DENVER (AP) — Republicans are accusing Democratic U.S. Sen. Mark Udall of Colorado of trying to pressure state health officials to change the number of people reported as having their health insurance policies canceled during the debate over the national health care overhaul.
According to emails posted on the conservative blog Complete Colorado, Jo Donlin of the Colorado Division of Insurance alerted Hickenlooper administration officials in November that Udall staffers claimed state figures were inflated for the number of Coloradans whose health insurance was canceled ahead of the new law, and he was pressuring the agency to change them. The policies were canceled because they didn’t meet minimum requirements under the law.
“Sen. Udall says our numbers were wrong. They are not wrong. Cancellation notices affected 249,199 people. They (Udall’s staff) want to trash our numbers. I’m holding strong while we get more details. Many have already done early renewals. Regardless, they received cancellation notices,” Donlin said in an email to her bosses on Nov. 14.
The next day, Donlin said she got a “very hostile phone call” from Udall’s deputy chief of staff again complaining about the figures.
Udall spokesman Mike Saccone said Thursday that the state figures did not reflect the fact that 96 percent of Coloradans were offered the opportunity to renew their plans. He said even though some people offered renewals were quoted significantly higher premiums, they still had the option to renew.
“That was not a cancellation. Their figures could have deterred consumers from renewing their policies,” Saccone said.
In an email to Udall staffers, Donlin said Udall was correct that Coloradans affected by the cancellations were provided options and some of them chose early renewals, but many people did not and their options were limited.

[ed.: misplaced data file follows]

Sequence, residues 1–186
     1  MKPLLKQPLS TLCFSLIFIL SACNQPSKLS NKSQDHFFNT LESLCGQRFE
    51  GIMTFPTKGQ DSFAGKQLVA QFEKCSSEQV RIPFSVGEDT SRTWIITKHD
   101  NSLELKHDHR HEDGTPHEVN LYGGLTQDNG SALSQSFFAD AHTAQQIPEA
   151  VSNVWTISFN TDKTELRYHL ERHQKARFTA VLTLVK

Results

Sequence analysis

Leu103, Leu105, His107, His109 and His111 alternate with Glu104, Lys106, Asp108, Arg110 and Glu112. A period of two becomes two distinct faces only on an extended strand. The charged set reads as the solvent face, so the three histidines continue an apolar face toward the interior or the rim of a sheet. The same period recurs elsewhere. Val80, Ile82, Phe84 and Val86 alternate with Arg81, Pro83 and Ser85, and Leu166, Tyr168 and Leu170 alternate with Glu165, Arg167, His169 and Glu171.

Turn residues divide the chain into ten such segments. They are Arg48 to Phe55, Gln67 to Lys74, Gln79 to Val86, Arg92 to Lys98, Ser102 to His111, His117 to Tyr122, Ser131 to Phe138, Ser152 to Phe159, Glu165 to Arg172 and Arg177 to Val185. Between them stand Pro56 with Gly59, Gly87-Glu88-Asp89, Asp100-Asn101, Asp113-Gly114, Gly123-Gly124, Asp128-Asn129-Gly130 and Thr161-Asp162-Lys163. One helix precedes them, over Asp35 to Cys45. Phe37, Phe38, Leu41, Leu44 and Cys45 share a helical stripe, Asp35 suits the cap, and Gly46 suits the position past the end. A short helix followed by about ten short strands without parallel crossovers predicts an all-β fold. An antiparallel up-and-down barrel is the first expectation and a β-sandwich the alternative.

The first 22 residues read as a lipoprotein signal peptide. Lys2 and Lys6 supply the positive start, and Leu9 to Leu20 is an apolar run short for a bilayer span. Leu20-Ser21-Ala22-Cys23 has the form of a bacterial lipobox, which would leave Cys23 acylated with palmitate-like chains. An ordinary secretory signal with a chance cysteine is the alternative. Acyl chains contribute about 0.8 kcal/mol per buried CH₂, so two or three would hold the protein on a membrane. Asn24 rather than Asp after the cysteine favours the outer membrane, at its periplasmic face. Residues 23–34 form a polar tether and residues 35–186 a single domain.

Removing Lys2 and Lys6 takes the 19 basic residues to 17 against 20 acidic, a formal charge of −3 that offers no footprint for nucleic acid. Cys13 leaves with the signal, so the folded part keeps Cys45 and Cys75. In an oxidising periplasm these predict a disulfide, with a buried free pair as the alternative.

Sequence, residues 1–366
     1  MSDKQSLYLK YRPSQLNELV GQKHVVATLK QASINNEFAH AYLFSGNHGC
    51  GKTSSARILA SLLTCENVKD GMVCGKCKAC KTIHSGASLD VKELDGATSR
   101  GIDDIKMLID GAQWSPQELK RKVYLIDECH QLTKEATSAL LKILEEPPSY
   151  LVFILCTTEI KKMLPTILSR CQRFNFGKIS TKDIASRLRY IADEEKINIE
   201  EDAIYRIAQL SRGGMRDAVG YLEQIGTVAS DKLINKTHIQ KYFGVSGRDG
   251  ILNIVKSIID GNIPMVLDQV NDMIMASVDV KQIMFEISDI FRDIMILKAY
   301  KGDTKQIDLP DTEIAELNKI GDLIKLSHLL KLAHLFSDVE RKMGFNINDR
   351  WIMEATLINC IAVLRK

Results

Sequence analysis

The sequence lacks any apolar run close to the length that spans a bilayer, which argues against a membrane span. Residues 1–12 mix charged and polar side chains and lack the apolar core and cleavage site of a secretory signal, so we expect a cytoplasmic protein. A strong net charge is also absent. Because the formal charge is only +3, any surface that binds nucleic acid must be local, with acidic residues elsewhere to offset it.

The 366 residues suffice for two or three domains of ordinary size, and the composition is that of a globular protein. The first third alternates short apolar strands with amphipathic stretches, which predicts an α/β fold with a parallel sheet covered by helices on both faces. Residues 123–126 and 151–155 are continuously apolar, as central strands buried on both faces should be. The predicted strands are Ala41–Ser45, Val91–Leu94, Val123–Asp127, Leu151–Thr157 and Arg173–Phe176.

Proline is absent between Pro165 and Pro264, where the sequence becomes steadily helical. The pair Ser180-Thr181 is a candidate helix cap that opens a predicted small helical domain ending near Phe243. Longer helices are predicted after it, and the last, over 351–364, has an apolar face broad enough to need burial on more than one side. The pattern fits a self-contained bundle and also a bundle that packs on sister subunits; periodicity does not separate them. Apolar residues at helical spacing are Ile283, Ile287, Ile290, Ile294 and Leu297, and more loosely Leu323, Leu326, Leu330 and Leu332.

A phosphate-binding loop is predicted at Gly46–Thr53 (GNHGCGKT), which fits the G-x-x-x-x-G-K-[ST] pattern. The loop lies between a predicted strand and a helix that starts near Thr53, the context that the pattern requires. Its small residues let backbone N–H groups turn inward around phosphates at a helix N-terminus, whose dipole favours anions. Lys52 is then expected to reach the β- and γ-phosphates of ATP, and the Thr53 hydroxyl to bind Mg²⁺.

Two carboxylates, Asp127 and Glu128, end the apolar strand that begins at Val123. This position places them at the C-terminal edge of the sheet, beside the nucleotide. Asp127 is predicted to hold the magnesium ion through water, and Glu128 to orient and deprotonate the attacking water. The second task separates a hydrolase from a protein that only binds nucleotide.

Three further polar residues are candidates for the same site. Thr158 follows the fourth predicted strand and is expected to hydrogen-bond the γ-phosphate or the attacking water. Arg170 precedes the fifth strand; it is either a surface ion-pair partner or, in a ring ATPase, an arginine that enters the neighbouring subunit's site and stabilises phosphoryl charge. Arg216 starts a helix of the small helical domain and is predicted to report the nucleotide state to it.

The National Republican Senatorial Committee on Thursday accused Udall of trying to “cook the books.”
“Mark Udall repeatedly deceived Coloradans and violated their trust by making promises about Obamacare that couldn’t be delivered,” committee spokesman Brook Hougesen said in a statement.
Insurance Commissioner Marguerite Salazar said staffers from her office and Udall’s office just had a difference of opinion about how to present the figures without raising unnecessary fear. She said she was out of town at the time of the email and Donlin was just trying to keep her in the loop.
Democrats have been bracing for tough Senate races in states once considered safe, including Colorado, because of problems with the rollout of the health care overhaul. Republicans need to pick up six seats to take control of the Senate.
Udall, a first-term senator, voted for the 2010 health care bill and echoed Obama’s often repeated but now discredited statement that people who had health insurance before the law took effect could keep it if they were satisfied.
Udall is one of the senators being targeted by new Republican National Committee radio ads reminding voters that Obama and his allies promised Americans that they could keep their health insurance. The ads, announced this week, will run in both English and Spanish in Colorado.